Maybe you’re just curious. Or maybe you’re the cautious type of soul who likes to think ahead and prevent a wrong before it happens. But the best bet is that you are reading this book because you already have a work-related problem:

• You were not hired for a job and you have good reason to suspect it was because of your race. Or your disability.

• Your employer promoted a less-qualified person to fill a position you were promised.

• You want to know your legal rights if you consistently work overtime. Or if you want to take a leave to care for a sick parent. Or if you are called to serve on a jury.

• You have just been laid off and you’re wondering if you have the right to get your job back. Or to get unemployment payments in the meantime. Or whether your employer owes you severance pay.

• You want to help evaluate a new job you’ve been offered. Or you want to find out your legal rights as a jobseeker.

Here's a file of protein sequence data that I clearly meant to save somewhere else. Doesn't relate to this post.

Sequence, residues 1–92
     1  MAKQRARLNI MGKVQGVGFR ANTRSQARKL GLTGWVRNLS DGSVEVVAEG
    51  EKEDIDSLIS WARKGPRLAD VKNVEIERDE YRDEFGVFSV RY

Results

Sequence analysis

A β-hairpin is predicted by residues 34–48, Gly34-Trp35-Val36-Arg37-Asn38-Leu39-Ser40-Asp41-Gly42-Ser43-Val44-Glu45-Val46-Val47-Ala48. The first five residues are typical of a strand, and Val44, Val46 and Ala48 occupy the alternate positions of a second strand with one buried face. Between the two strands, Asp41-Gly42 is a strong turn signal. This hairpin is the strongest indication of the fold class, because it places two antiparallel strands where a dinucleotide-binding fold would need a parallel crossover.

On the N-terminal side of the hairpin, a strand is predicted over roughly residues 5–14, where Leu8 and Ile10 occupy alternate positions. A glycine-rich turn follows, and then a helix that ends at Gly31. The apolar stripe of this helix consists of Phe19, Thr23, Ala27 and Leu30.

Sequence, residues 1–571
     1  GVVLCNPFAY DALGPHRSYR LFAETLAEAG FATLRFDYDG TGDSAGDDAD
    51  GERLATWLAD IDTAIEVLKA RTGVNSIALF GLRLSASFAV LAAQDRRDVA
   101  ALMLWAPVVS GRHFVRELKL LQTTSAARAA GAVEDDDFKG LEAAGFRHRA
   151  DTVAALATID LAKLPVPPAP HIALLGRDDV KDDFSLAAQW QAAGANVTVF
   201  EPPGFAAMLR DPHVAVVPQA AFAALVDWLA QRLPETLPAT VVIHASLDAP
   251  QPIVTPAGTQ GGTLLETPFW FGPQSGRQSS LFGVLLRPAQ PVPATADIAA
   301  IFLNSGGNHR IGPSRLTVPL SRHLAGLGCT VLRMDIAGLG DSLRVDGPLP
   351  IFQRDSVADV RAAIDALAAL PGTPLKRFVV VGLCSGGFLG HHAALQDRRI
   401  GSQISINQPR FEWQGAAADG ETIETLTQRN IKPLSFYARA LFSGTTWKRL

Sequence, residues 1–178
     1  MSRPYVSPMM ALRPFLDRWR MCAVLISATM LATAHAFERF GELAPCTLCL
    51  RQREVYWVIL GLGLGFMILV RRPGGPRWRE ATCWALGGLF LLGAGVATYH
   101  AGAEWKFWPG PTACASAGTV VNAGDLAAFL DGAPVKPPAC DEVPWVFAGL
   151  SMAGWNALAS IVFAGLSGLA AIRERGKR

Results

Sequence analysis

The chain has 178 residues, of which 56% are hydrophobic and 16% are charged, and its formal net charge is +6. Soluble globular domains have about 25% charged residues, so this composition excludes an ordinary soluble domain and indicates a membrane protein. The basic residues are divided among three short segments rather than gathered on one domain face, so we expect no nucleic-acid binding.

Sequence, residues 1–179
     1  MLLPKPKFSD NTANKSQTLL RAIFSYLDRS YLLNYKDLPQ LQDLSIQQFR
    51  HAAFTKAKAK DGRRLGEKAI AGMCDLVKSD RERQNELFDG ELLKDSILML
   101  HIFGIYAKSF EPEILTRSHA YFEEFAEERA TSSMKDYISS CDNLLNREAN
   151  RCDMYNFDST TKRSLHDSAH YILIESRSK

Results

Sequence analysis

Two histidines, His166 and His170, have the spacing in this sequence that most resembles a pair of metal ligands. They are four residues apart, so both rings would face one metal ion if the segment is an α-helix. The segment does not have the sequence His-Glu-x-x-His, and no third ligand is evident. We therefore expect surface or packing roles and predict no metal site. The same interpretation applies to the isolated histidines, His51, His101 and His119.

This book will help you understand the legal rights that apply to your situation. It explains federal workplace laws—such as those guaranteeing your rights to be paid fairly and on time and to work free from discrimination. It also explains the twists state law may place on your workplace rights—regulating, for example, both your right to smoke and your right to work in a smoke-free place, or whether or not you are entitled to time off work to vote or to care for a sick child.

Tackling a potential workplace problem can feel difficult, so heed that noble adage: Simplify, simplify. Better still: Simplify. Proceed to the chapters that discuss the substance of your problem and skip the rest for now.

Also, be aware that there are many public and private agencies, groups, and organizations that specialize in workplace issues, and many of them provide free—or low-cost—counseling, support, or referrals. You will find information on these organizations peppered throughout the book and a comprehensive listing in the appendix.

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